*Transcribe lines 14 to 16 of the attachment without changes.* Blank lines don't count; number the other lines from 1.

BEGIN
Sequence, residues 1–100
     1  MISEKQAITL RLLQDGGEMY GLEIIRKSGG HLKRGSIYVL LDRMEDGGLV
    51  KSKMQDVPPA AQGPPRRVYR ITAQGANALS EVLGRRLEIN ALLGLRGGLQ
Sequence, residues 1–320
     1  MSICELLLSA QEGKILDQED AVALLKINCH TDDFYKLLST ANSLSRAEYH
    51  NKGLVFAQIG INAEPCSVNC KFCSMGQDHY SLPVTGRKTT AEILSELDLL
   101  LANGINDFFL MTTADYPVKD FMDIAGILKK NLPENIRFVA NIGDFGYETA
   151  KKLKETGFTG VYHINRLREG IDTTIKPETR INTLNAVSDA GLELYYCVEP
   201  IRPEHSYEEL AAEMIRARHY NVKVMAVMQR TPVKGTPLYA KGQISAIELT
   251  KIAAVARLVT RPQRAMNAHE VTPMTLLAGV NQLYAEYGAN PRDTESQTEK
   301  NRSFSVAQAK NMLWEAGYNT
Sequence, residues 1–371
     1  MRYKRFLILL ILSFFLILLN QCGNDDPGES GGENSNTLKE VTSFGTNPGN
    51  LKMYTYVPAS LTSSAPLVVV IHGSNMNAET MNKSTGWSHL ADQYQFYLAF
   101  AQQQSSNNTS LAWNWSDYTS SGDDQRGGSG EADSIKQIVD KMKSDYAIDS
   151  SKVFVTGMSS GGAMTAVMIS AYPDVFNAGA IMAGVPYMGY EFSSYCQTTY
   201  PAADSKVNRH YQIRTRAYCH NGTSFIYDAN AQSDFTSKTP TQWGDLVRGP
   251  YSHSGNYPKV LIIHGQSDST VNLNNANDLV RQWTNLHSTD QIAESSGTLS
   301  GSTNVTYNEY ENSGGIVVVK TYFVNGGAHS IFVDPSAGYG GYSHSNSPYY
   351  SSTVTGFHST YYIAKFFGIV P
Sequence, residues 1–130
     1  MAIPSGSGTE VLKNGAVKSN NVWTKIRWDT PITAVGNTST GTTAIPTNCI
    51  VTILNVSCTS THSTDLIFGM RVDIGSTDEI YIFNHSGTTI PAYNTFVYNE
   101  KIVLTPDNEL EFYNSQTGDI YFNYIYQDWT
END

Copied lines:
    51  LKMYTYVPAS LTSSAPLVVV IHGSNMNAET MNKSTGWSHL ADQYQFYLAF
   101  AQQQSSNNTS LAWNWSDYTS SGDDQRGGSG EADSIKQIVD KMKSDYAIDS
   151  SKVFVTGMSS GGAMTAVMIS AYPDVFNAGA IMAGVPYMGY EFSSYCQTTY